Do you remember your wedding day? Were you excited, giddy, faint, nervous, or in a daze? As you anticipated your wedding and moved through the events of the day, did you think about the seriousness of the future? More than likely, you did not give the future a thought other than to wonder about the honeymoon.
If you received premarital counseling, did your counselor suggest that you think seriously and discuss what you would do to prepare for the storms that will come in your life and marriage? More than likely, that was not part of the premarital equation. It should have been. Most of us move through the early years of our marriage without a thought of what would happen if there were a storm, a crisis in our lives. You should have some idea if not a plan of action when a storm hits. At least, know the people you can turn to and ask for help, advice, or counseling.
If you live in tornado alley or on the coastline of the US, then you need a plan of escape or action to protect you and your family should one of these natural disasters hit. A tornado comes unexpectedly with horrendous force. If you don’t have a plan before one strikes, then you will not have time to make plans once it begins. With hurricane Katrina in 2005, families had days to prepare and make lifesaving decisions. The leaders of New Orleans and Louisiana had decades of warning that the levies protecting the city would not survive a direct hit from a category 4 or 5 hurricane. As we now know, some of the levies could not hold in the flooding waters of a category 3 hurricane.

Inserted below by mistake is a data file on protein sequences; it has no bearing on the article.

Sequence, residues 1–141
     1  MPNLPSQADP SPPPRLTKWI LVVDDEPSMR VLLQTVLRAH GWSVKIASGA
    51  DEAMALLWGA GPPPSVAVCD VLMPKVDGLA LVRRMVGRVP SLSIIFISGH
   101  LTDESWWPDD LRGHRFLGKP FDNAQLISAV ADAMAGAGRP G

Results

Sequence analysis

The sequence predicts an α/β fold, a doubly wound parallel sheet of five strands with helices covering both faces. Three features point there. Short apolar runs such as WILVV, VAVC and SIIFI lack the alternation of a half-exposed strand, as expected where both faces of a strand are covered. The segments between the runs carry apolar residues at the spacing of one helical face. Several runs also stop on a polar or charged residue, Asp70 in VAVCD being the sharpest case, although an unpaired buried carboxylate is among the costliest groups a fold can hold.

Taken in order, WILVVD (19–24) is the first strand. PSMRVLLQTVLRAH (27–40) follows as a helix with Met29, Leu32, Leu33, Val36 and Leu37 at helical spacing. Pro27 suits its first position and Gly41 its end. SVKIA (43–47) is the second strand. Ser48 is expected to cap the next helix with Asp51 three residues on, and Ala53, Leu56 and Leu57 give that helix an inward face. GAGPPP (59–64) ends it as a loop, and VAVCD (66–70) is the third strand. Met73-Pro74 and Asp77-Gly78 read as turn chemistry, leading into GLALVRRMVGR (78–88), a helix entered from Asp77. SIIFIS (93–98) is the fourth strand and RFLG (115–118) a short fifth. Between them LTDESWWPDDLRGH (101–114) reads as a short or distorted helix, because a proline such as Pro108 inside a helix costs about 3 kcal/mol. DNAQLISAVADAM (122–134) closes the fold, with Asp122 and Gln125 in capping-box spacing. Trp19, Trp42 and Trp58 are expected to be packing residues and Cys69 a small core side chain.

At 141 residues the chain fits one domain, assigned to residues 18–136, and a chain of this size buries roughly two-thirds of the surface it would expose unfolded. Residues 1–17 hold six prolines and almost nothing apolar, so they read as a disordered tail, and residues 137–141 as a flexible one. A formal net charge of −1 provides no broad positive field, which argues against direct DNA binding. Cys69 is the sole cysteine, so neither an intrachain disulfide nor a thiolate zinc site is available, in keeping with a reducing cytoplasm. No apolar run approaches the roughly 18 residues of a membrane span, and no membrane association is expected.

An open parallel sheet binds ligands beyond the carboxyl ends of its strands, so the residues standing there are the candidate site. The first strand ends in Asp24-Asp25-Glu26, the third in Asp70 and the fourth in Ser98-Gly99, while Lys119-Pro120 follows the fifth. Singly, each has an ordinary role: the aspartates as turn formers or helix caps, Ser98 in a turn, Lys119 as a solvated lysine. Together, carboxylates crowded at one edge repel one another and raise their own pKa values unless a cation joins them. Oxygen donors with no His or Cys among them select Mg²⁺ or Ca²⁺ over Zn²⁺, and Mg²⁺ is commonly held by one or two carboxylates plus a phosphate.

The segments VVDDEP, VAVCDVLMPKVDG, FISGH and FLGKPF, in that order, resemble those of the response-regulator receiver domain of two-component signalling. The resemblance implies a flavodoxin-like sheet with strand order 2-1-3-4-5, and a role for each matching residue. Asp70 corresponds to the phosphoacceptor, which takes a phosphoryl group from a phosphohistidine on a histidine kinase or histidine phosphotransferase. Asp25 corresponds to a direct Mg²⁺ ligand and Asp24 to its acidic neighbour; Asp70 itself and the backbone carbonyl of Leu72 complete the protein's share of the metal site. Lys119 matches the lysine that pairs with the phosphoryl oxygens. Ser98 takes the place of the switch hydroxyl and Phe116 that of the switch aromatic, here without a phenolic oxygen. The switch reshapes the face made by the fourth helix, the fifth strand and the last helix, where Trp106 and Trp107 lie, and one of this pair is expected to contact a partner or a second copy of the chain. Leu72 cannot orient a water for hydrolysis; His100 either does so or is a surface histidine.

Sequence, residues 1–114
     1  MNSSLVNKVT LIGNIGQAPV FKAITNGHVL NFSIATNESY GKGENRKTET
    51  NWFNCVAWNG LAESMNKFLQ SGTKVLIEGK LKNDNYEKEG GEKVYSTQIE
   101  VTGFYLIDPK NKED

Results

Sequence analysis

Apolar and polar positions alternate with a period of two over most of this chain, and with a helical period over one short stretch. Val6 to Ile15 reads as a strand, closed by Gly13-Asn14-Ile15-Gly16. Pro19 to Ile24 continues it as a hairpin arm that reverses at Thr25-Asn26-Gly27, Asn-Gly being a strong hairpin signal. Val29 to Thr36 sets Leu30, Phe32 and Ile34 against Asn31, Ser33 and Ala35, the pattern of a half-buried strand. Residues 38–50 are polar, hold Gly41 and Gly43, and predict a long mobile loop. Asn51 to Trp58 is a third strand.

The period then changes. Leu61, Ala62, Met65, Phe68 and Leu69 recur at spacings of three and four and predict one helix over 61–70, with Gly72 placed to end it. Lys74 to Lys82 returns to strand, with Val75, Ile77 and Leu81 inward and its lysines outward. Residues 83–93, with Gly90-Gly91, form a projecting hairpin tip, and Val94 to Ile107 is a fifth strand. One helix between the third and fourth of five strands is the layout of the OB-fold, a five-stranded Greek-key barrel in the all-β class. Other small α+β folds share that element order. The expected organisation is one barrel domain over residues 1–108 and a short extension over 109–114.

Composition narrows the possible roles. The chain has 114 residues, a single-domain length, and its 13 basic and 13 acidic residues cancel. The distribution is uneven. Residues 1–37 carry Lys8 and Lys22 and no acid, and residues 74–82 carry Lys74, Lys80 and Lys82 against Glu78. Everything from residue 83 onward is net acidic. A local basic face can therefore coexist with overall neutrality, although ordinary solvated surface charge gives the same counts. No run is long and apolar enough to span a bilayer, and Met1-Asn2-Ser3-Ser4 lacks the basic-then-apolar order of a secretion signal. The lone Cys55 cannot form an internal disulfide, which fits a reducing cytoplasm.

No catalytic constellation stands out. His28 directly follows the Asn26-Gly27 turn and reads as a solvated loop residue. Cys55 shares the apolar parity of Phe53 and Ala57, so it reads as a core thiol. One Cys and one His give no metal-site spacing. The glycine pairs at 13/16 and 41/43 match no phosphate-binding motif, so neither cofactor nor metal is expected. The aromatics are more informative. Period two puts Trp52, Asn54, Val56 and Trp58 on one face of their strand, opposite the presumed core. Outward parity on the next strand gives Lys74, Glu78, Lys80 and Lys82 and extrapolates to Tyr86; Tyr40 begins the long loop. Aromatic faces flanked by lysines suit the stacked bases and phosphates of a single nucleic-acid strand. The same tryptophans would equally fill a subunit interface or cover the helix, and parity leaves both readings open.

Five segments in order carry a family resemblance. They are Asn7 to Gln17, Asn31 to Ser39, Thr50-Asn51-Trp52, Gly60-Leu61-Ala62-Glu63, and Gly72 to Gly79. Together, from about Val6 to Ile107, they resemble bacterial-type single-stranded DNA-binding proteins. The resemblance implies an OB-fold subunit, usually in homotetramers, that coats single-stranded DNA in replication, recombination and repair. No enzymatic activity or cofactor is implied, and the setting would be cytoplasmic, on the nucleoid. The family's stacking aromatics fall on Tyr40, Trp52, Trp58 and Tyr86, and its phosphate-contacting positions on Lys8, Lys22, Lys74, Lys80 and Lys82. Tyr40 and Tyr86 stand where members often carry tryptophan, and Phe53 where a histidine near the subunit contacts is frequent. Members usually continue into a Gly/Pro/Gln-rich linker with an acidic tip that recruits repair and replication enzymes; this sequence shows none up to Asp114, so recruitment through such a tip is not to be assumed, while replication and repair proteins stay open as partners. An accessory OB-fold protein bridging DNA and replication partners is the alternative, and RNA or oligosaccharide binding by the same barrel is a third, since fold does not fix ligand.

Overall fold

If a storm comes to your life and marriage, will you and your family be ready? What preparations have you made? What will be your response?
Many years ago, I thought about what I would do if I were in a car accident. I decided that I would turn the key to the off position so that there would be less chance of a fire. A year or two later, I was in my first accident. After the vehicles stopped moving and I had returned to my car, I noticed that I had turned the key off but I did not remember doing that. My plan of action worked in a crisis.